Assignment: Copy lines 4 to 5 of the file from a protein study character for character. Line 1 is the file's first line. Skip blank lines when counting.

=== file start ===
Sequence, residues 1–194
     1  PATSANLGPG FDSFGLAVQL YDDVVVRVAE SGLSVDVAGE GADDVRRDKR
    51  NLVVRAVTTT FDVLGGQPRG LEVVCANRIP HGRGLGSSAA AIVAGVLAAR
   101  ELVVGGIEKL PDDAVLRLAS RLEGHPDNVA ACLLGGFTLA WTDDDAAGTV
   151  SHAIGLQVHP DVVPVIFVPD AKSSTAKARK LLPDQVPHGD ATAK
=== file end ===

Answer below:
   101  ELVVGGIEKL PDDAVLRLAS RLEGHPDNVA ACLLGGFTLA WTDDDAAGTV
   151  SHAIGLQVHP DVVPVIFVPD AKSSTAKARK LLPDQVPHGD ATAK